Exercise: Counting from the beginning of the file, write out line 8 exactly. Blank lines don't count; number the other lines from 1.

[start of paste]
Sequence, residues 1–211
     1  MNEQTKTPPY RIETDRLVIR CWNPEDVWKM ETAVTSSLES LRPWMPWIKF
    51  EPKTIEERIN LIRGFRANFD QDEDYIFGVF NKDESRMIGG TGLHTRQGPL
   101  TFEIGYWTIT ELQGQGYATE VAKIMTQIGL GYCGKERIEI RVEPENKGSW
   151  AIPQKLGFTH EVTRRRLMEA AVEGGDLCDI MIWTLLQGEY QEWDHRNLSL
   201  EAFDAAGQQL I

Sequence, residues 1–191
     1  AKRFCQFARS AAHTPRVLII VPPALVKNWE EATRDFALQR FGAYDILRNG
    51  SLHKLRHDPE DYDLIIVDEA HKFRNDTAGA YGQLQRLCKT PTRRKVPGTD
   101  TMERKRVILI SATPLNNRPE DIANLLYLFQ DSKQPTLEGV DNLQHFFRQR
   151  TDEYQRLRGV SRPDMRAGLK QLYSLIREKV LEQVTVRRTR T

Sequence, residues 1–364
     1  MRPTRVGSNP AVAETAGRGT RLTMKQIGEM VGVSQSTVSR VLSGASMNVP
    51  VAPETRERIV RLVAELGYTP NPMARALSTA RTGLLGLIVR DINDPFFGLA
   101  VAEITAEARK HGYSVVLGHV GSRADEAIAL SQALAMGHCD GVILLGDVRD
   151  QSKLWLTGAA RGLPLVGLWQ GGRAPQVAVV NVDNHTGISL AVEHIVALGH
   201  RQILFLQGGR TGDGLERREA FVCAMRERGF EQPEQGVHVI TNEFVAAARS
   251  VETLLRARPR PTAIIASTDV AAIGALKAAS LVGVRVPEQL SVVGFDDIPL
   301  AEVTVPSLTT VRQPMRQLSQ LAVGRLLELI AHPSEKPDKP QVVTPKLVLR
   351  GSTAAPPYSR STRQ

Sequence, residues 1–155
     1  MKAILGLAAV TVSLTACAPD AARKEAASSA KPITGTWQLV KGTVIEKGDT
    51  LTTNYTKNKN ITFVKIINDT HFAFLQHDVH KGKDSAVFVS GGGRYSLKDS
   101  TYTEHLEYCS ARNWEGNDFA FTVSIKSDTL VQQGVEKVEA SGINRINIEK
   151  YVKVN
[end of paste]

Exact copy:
     1  AKRFCQFARS AAHTPRVLII VPPALVKNWE EATRDFALQR FGAYDILRNG